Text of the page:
While I share your disappointment with size, weight and price of Canon R lenses it should be said that from Canon's corporate point of view it's a brilliant marketing move targeting high-profit margin segment - professionals and purists.

Actually budget-weight-size-conscious photographers are going to win too, competition is finally there and Fujifilm, Sony and Olympus will immediately exploit Canikon weaknesses in product line.

Nikon looks more promising now, demonstrating true innovation. Now Canon have 4 mounts and four lines of lenses which is a mess. EF-M born with ill-conceived half-ass approach is probably will die first.

To people in this game for long periods of time, or, just common sense. They tend not to get too darn excited about these new release / new lines of products from anyone anymore.

We've seen this now since about 2005 when they decided digital was going to take off and make money. Back in the day, it's was 2 - 3 years between body releases and even then, they were minor due to limitations of film. But it seems every week some guy on a 'gofundme' or some company is setting out into the world another product or idea and declared it a game changer when really? It's very much like what we're already using. It's to the point of nausea now. Even going to to the lengths of spoiler videos and partial reveals.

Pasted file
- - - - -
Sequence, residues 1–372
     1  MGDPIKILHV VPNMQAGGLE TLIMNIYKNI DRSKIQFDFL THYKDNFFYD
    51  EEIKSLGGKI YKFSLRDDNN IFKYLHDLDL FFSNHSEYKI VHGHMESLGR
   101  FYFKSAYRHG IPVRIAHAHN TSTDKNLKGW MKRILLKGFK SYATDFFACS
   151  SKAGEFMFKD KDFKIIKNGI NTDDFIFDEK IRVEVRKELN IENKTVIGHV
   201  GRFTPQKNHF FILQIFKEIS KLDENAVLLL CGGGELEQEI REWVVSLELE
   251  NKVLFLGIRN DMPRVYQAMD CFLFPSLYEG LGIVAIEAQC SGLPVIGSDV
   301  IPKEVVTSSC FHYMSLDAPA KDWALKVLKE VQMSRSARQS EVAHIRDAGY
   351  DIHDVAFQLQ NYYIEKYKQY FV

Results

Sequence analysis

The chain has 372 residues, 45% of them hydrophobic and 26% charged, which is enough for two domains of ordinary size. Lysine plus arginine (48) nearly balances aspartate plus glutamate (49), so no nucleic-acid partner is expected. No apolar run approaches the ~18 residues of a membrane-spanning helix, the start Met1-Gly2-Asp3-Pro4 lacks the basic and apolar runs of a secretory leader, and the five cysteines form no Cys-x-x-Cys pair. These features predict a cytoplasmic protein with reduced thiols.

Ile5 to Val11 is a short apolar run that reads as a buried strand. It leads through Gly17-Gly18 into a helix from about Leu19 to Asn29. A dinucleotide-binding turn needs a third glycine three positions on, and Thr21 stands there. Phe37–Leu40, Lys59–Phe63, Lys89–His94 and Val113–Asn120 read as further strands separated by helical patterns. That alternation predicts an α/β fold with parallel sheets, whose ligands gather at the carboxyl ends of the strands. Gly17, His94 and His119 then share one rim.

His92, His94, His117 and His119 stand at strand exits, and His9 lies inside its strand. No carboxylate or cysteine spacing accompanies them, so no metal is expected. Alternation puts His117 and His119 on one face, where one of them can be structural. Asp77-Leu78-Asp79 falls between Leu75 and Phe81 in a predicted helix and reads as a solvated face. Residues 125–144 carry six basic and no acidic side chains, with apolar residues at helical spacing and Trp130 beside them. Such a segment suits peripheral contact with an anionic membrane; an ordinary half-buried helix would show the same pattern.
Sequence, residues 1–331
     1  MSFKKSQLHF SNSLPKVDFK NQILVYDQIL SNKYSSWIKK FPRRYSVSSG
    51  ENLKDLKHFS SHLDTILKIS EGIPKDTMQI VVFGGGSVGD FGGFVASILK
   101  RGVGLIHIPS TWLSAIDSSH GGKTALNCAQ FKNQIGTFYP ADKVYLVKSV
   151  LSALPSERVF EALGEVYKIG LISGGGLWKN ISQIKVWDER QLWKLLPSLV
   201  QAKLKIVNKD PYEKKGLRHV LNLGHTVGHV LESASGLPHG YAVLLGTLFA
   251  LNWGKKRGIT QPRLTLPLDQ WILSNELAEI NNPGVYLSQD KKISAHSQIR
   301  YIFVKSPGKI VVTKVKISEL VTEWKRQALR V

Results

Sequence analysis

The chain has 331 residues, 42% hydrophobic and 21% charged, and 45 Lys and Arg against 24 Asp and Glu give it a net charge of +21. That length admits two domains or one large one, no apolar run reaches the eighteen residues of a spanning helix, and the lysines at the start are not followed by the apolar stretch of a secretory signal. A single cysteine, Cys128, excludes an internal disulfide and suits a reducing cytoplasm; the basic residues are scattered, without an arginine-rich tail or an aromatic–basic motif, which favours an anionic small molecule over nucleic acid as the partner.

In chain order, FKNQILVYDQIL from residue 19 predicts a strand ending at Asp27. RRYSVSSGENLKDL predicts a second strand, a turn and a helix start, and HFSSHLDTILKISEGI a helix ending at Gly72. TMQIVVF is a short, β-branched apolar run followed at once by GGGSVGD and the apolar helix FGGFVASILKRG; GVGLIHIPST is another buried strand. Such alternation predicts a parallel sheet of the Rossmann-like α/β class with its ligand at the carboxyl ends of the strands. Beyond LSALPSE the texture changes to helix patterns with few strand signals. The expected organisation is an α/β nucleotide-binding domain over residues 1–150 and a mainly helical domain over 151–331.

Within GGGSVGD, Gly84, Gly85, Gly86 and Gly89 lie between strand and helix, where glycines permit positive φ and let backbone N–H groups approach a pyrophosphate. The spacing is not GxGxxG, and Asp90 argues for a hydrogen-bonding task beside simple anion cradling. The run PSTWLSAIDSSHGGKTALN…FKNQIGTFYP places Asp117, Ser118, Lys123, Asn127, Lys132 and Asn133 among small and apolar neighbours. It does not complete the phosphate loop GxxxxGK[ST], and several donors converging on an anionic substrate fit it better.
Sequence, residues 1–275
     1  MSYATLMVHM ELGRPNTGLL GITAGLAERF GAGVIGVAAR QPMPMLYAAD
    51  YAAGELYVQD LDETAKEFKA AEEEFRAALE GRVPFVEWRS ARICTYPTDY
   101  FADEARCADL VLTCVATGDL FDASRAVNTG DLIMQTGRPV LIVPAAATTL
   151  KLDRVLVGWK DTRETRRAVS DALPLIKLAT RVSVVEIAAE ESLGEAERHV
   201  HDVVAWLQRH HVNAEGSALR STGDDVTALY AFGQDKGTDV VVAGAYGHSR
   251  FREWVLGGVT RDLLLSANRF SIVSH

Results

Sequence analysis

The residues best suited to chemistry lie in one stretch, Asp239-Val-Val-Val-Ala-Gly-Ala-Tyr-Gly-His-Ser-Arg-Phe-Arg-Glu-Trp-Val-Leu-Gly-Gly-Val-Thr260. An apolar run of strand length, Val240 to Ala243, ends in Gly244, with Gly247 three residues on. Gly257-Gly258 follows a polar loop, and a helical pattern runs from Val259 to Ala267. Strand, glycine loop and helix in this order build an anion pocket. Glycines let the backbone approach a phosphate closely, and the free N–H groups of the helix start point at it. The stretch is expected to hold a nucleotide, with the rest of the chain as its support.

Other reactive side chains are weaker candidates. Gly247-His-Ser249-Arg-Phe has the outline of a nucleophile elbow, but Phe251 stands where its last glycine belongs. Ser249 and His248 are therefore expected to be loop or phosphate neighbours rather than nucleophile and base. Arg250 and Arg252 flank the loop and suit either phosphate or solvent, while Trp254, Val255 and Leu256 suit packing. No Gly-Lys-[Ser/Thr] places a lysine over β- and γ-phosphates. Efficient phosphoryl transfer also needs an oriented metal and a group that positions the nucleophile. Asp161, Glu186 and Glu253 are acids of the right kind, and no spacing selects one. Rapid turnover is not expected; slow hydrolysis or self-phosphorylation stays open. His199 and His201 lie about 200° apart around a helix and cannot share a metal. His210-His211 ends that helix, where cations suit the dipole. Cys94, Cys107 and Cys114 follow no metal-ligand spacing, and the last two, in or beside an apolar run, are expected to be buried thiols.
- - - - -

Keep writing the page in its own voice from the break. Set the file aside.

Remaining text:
And when the reality doesn't meet expectations (and it rarely does), people go off on rants and espouse their huge disappointment in the offering.

90% of the people on these forums and message boards don't make a living doing this. It's all about having the latest & greatest stuff and a whole lot of G A S. If you have kit and good glass. Use It. You're not going to see the second coming in the form of a camera body anytime soon.

Thomas Heaton did a video about weight saving. It's far cheaper to save more weight for less by replacing other stuff that you pack in your bag than it is to buy new camera gear. If weight is an issue, get fitter, doesn't make the product bad. I also find if something is too light, it feels cheap.

They haven't lost their minds, you prosumer internet mouths have.

Nikon Z & Canon R are classified as DSLC (Digital Single Lens Camera$. It is a Mirrorless but not intend to be light weight cameras. Mirrorless fever is contagious. Just my opinion.